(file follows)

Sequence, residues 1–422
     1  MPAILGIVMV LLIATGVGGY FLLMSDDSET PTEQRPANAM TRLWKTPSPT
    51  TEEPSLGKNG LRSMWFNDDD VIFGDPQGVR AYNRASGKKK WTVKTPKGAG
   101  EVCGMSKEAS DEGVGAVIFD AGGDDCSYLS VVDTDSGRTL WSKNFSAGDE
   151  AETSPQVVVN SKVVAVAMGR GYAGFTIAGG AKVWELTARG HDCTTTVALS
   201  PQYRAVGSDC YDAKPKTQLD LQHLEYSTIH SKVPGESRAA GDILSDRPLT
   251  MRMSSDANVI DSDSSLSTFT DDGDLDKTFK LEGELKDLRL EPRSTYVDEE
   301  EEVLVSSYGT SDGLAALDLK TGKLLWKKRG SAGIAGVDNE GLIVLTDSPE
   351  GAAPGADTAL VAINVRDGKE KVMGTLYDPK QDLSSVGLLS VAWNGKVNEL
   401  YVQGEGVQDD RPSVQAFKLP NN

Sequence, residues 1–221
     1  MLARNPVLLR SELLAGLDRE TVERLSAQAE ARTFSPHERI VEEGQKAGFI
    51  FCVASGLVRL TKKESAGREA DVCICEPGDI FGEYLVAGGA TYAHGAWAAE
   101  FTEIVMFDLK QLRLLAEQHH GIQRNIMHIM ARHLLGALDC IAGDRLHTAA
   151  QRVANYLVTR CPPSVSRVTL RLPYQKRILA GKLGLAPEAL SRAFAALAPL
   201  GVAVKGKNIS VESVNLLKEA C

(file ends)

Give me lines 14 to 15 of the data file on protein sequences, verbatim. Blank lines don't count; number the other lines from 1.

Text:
   101  FTEIVMFDLK QLRLLAEQHH GIQRNIMHIM ARHLLGALDC IAGDRLHTAA
   151  QRVANYLVTR CPPSVSRVTL RLPYQKRILA GKLGLAPEAL SRAFAALAPL